17 April 2023
At the end of March, the UK Government released an updated Economic Crime Plan with intentions and goals in the economic crime sphere for the 2023 to 2026 period, built on an investment of £400 million. The first Plan was published in 2019 and was built on a vision:
“For the public and private sectors to jointly deliver a holistic plan that defends the UK against economic crime, prevents harm to society and individuals, protects the integrity of the UK economy, and supports legitimate growth and prosperity.”
Since 2019, the UK has achieved a number of its goals from the previous periods, including an improved understanding of the country’s threat landscape, bolstered by a series of collaborative public-private threat assessments; a strengthening of law enforcement’s capacity to respond to economic crime, supported by the expansion of legislative and regulatory frameworks; and the introduction of landmark legislation, including the Economic Crime (Transparency and Enforcement) Act.
However, the threat of economic crime continues to persist across the nation. Fraud has grown at a record rate, with an estimated 1 in 15 adults falling victim in the UK, the scale of money laundering has proliferated as the techniques to channel dirty money have become more sophisticated, and ongoing geopolitical tensions have highlighted the need to address the illicit finance that flows through the country from kleptocratic regimes. It is these challenges that the UK Government has responded to in the newest Economic Crime Plan and underpins their commitments.
As a vibrant financial centre, the UK and its corporate structures are increasingly vulnerable to money laundering. It is estimated that £100 billion is laundered via high-end money laundering annually, an incredibly destructive activity that enables criminals to reap the benefits of the profits of their illicit activity at the expense of the general good. To crack down on the virulent trend, the most recent Economic Crime Plan aims to:
Limit the abuse of corporate structures, namely by further reforming the UK’s corporate registry, Companies House, which will be addressed in the Economic Crime and Corporate Transparency Bill.
Reform the anti-money laundering supervisory regime as the current regime has been judged not effective enough in overseeing high-risk sectors.
Strengthening the regulatory frameworks and law enforcement capacity to investigate and seize illicit cryptoassets given their vulnerability to abuse, with an estimated £1.24 billion having been used for illicit transactions in 2021.
The ongoing Russian aggression in Ukraine has driven the establishment of an extensive sanctions regime against targeted Russian individuals and corporations, as well as further emphasised the risk posed by kleptocrats, not just from Russia, in the UK. To address these vulnerabilities and security concerns, the most recent Plan seeks to:
Deepen sanctions compliance by providing enhanced guidance for high-risk sectors, increase engagement across supervisory agencies to address suspected sanctions breaches, and reinforce cooperation with international jurisdictions.
Strengthen the response to kleptocracy, notably by expanding the capabilities of the National Crime Agency’s Combatting Kleptocracy Cell and boosting international cooperation to hold enablers accountable.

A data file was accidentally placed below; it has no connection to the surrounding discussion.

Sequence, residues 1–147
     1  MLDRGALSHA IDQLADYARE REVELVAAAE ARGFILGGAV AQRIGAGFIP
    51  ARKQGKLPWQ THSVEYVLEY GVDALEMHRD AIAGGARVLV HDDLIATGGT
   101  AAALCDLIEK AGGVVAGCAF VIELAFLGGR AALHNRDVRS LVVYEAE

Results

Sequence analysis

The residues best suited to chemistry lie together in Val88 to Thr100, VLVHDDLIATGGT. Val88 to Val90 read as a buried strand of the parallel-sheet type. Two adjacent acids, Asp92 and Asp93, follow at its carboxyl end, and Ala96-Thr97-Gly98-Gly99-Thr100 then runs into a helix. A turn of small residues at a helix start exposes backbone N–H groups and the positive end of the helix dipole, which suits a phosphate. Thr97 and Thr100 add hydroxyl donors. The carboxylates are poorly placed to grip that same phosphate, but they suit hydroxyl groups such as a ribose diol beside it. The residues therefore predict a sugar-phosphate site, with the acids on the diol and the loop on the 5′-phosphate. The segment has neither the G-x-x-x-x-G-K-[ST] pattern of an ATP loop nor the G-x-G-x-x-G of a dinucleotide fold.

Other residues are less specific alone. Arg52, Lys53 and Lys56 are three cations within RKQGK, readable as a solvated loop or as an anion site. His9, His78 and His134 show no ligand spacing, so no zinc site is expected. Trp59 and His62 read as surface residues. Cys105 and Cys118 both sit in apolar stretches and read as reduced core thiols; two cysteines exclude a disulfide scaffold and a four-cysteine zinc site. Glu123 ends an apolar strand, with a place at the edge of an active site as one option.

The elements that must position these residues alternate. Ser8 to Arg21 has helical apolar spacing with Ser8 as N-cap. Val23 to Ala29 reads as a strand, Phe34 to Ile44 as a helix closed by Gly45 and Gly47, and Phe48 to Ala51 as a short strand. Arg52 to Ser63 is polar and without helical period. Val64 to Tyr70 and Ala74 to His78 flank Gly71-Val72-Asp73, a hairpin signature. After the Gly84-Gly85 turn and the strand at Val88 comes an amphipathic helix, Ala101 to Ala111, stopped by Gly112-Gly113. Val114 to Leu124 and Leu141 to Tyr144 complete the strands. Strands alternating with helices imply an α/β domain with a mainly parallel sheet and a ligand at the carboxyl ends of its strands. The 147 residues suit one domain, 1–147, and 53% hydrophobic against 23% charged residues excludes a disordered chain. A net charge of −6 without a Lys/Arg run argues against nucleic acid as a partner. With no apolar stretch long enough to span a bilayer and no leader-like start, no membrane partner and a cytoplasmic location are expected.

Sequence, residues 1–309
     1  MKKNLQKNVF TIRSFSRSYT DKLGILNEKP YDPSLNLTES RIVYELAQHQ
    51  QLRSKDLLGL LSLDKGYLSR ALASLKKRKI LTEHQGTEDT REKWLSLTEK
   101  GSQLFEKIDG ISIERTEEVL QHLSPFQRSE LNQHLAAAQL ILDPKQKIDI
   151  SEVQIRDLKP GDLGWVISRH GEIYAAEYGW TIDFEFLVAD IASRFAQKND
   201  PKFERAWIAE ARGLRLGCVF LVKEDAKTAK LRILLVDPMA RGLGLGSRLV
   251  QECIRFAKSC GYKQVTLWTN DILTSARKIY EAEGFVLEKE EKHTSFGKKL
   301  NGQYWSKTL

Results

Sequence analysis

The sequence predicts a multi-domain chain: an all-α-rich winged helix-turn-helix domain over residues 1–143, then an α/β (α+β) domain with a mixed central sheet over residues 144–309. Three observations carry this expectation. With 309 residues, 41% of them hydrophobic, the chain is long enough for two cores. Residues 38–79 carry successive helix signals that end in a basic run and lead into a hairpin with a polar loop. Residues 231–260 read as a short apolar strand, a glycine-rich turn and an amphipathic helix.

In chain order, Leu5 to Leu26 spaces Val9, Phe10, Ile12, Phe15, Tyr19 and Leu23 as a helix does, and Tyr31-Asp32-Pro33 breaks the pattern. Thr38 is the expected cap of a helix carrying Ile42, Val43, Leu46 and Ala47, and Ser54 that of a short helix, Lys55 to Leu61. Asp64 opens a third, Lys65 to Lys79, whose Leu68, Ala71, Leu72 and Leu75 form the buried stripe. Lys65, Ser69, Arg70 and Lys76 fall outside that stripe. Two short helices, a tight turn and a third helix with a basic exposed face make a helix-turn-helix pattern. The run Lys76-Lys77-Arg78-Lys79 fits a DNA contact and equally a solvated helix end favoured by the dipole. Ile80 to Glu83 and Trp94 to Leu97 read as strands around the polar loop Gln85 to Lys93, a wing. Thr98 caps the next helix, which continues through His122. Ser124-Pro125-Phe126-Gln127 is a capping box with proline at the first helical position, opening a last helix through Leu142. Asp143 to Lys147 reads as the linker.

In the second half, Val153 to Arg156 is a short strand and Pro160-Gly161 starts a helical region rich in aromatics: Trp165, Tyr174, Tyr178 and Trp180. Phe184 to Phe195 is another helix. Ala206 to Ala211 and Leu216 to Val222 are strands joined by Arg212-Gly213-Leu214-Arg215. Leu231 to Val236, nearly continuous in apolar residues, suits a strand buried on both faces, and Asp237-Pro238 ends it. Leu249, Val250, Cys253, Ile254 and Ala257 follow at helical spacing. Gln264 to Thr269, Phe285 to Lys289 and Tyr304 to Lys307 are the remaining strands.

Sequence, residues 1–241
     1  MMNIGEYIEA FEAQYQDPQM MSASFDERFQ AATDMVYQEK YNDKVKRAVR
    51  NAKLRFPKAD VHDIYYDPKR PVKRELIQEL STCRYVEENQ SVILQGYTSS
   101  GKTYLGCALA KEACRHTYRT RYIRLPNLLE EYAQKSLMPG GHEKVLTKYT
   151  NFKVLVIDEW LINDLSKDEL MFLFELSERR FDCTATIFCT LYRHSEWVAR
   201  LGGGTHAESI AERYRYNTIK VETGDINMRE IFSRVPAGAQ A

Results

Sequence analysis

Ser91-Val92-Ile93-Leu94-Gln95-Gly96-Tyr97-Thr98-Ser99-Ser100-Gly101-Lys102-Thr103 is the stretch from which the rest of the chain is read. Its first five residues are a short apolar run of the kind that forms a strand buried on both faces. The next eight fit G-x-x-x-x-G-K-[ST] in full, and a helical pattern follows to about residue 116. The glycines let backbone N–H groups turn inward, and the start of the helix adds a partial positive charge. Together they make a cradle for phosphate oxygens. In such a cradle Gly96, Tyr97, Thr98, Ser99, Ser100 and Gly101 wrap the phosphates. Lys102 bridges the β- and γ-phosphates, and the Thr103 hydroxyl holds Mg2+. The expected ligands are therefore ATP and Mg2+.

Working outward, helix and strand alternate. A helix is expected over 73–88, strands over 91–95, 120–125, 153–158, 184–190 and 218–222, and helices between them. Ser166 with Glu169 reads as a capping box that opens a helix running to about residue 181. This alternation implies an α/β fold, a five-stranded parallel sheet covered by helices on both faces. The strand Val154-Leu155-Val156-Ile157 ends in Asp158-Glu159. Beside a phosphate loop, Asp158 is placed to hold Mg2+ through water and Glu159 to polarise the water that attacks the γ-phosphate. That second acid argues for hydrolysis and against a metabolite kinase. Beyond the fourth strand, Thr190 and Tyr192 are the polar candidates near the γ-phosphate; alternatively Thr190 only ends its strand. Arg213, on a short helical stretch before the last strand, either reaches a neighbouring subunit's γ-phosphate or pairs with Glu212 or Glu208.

Fraud has become an increasing risk to the UK, accounting for 41% of all crime experienced by adults in 2022. Given this, the government has committed an additional £100 million to tackle the continued threat of fraud in the UK by:
Mitigating fraud against individuals businesses by disrupting fraudsters’ activities, blocking public scam communications, and empowering the public to recognise and report fraud.
Addressing fraud in the public sector, bolstered by the work of the new Public Sector Fraud Authority.
Though the Plan was well received, there were some criticisms of its scope and commitments. The All-Parliamentary Group on Anti-Corruption & Responsible Tax, a cross-party campaign group, suggested that the “Plan kicks many policy proposals down the road, rather than committing to introducing change through the Economic Crime and Corporate Transparency Bill currently in the House of Lords.” Its Chair, Dame Margaret Hodge MP, further criticised the Plan as simply “smoke and mirrors” given the Government’s failure to pledge, what she believes to be, adequate funding for the Plan, a shortfall that will make it difficult to deliver on the expected results.
Regardless, the 2023-2026 Economic Crime Plan recognises the symbiotic roles played by the public and private sectors in tackling financial crime, which has very real harm on people, businesses, and the environment. Though the plan outlines the commitments of the government itself, it highlights the very real risks that impact the lives of everyone everyday. Therefore, it can only truly be achieved with the support of the private sector and indeed each of us, as individuals, can and must do their small bit to stop criminals from profiting from their illicit activities.
At Themis, we offer multi-faceted solutions to do just that. Our goal to democratise due diligence to the point where it becomes part of the everyday working and home lives, is a large and vital cog in the machine that is the fight against financial crime. If you would like to find out more about the financial crime landscape in the UK, which this updated Plan forms a vital part of, consult our newly released UK financial crime country risk report that provides in-depth, research-backed analysis, available here.
Written by Olivia Baker, Financial Crime Researcher, Themis